Last time we looked at top sophomores in the upcoming 2013 NBA Draft that could potentially turn into great pro players. Are there any juniors and seniors that realistically could become dominant pros?
The short answer, not surprisingly, is probably not. The best NBA prospects usually leave college following their freshman or sophomore year, so upperclassmen are less likely to become big stars in the NBA. This certainly is the case for the 2013 Draft. While there will probably be many juniors and seniors picked who go on to have productive NBA careers, it seems unlikely any upperclassman from this draft will turn into a dominant All-Star.
This site is all about the uncertainty of projections - and you never know, if everything adds up an upperclassman could be a far better pro than any of us foresaw. But we should obviously not have such high hopes if we are to be realistic. No juniors or seniors seem vastly superior to their projected draft position. This is not like 2011, for example, when Kenneth Faried fell in the draft even though many people thought he was going to be an excellent pro.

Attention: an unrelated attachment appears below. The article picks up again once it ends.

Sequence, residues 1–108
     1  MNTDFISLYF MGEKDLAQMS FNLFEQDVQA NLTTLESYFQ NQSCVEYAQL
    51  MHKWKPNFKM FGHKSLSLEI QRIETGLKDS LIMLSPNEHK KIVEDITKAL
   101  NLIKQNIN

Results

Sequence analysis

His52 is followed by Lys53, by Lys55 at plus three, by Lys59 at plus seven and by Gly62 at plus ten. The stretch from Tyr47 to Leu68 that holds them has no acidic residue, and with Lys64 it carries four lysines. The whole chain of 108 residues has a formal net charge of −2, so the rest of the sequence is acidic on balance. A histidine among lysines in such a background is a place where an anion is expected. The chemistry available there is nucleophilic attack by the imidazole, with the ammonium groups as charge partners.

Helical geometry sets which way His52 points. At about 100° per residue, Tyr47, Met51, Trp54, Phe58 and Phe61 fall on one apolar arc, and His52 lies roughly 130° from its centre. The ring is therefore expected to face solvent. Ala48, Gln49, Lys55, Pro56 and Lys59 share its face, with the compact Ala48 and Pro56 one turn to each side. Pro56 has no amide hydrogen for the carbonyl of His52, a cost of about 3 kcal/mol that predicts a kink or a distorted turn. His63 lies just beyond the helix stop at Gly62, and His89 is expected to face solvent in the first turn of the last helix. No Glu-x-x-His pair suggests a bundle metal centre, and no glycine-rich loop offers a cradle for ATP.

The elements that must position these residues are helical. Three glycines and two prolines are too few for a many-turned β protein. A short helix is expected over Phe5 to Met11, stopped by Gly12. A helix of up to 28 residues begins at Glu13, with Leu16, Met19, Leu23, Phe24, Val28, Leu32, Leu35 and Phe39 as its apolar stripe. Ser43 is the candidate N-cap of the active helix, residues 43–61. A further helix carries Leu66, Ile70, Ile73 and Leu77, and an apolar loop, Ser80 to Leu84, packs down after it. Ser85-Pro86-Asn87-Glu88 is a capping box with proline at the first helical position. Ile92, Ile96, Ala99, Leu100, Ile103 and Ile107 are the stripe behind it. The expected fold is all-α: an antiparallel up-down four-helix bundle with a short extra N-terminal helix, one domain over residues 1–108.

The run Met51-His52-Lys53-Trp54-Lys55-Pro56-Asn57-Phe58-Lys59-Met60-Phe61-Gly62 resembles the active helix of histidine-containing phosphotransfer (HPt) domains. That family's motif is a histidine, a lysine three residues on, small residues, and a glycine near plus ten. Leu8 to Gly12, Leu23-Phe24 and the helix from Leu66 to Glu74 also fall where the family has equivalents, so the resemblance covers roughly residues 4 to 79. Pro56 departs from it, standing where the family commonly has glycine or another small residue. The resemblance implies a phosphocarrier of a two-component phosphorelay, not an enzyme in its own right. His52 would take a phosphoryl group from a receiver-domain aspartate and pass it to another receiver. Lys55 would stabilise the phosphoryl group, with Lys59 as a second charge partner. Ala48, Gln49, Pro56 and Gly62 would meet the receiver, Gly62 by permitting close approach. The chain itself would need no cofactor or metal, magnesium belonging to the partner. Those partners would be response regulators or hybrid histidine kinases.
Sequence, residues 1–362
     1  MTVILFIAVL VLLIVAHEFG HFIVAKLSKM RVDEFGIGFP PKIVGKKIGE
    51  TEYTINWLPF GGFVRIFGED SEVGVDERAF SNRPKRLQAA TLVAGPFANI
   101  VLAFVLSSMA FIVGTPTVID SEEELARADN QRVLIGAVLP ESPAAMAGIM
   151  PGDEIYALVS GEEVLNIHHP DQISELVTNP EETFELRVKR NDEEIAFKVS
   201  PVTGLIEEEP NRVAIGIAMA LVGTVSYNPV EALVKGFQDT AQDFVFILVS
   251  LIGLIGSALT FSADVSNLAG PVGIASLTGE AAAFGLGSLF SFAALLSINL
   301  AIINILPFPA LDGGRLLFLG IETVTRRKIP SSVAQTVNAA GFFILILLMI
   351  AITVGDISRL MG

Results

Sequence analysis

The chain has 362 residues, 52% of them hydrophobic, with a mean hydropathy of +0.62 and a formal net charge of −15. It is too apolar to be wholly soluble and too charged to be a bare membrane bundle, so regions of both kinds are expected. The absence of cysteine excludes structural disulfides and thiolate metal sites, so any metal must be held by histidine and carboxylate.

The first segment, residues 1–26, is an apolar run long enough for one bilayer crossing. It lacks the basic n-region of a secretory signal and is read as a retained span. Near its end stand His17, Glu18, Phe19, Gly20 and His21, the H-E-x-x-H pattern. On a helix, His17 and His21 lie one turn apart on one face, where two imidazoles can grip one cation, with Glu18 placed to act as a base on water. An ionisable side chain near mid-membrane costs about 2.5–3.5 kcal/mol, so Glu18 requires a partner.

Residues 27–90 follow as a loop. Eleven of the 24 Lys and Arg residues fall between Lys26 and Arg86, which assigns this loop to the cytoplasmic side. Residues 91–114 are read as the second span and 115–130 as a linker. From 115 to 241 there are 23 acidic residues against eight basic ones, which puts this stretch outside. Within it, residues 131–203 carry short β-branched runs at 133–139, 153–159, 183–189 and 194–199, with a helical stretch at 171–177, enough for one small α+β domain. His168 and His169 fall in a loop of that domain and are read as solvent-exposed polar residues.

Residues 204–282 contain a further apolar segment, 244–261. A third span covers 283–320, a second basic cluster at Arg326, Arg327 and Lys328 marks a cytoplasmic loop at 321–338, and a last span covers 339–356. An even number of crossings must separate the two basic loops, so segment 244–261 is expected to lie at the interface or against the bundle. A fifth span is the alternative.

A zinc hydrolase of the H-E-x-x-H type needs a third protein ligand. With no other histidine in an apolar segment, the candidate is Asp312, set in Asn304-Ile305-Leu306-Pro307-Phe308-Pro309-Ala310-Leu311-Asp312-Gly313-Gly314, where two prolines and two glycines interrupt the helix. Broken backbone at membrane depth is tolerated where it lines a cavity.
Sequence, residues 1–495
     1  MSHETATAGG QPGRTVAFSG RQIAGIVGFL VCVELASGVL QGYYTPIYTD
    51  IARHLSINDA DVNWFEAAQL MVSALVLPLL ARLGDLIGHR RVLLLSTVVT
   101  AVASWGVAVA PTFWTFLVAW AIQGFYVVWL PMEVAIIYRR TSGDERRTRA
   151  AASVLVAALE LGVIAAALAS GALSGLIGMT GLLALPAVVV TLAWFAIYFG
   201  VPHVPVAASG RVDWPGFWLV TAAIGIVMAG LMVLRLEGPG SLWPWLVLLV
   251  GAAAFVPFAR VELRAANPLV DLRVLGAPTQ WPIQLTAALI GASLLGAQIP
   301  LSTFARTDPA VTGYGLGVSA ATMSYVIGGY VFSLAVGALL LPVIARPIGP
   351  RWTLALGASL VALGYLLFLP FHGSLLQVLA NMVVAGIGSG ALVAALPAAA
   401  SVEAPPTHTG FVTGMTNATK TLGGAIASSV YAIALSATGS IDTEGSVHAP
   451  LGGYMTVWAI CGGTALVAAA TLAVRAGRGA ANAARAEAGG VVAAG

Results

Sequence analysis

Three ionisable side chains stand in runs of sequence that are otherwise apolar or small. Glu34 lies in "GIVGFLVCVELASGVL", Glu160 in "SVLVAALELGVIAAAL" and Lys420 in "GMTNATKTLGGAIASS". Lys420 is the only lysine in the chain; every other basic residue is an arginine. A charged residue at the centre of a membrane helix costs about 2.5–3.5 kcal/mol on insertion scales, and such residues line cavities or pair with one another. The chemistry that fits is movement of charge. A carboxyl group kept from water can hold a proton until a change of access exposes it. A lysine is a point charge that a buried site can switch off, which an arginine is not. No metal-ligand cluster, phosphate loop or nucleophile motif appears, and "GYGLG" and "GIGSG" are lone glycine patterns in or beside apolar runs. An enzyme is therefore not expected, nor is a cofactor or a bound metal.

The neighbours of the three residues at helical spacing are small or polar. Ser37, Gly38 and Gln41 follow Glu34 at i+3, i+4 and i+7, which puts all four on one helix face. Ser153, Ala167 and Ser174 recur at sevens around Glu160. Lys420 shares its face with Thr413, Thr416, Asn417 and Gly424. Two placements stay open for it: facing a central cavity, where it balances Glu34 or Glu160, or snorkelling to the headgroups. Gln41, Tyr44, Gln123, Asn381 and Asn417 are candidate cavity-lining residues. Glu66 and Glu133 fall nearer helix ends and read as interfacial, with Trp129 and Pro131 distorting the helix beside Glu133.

The upperclassman most likely to exceed expectations is probably Lehigh guard C.J. McCollum. Maybe out for the rest of the season with an injury, McCollum has obvious pro skills and a tremendous feel for the game. McCollum also seems to be a better passer than his stats indicate, and could develop into a superb NBA point guard if everything clicks. That said, he is hardly a surefire top prospect - McCollum could flounder in the pros just as easily as he could succeed. Nonetheless, he appears to be the most impressive upperclassman, and maybe the only one who could get picked in the top ten.
After McCollum, the chances of finding an upperclassman with legit star potential seem pretty slim. I like Jeff Withey and Victor Oladipo, but even if they exceed expectations they seem unlikely to ever be All-Stars. There are many other interesting upperclassmen that will be available, but no particular one stands out.
Projected first round upperclassmen I have not mentioned - like Jamaal Franklin, Mason Plumlee and Kelly Olynyck - will get considerable hype as the draft approaches. But every junior and senior in the 2013 Draft has to be considered a long shot to ever become truly dominant in the NBA. There will probably be some good upperclassmen, but no great ones.
All this is pretty obvious, but I thought it warranted mentioning. We need to keep things in perspective: The 2013 NBA Draft will mainly be about the freshman and sophomores. This shouldn't come as a surprise.